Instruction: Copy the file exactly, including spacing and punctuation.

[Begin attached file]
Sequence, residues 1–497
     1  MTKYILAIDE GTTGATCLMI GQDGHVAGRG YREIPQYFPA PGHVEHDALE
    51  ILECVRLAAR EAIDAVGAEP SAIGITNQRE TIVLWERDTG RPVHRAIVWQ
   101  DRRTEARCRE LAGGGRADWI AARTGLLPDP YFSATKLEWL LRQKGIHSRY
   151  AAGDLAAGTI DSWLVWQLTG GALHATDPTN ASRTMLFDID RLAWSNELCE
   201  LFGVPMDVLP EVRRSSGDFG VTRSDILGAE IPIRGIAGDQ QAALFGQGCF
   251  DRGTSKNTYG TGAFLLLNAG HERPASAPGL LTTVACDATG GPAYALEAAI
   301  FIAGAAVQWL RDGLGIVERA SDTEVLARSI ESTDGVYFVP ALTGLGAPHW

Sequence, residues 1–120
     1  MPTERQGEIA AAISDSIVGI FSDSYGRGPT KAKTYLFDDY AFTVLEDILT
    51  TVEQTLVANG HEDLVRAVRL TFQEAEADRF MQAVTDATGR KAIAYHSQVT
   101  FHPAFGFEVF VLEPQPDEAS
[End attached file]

Sequence, residues 1–497
     1  MTKYILAIDE GTTGATCLMI GQDGHVAGRG YREIPQYFPA PGHVEHDALE
    51  ILECVRLAAR EAIDAVGAEP SAIGITNQRE TIVLWERDTG RPVHRAIVWQ
   101  DRRTEARCRE LAGGGRADWI AARTGLLPDP YFSATKLEWL LRQKGIHSRY
   151  AAGDLAAGTI DSWLVWQLTG GALHATDPTN ASRTMLFDID RLAWSNELCE
   201  LFGVPMDVLP EVRRSSGDFG VTRSDILGAE IPIRGIAGDQ QAALFGQGCF
   251  DRGTSKNTYG TGAFLLLNAG HERPASAPGL LTTVACDATG GPAYALEAAI
   301  FIAGAAVQWL RDGLGIVERA SDTEVLARSI ESTDGVYFVP ALTGLGAPHW

Sequence, residues 1–120
     1  MPTERQGEIA AAISDSIVGI FSDSYGRGPT KAKTYLFDDY AFTVLEDILT
    51  TVEQTLVANG HEDLVRAVRL TFQEAEADRF MQAVTDATGR KAIAYHSQVT
   101  FHPAFGFEVF VLEPQPDEAS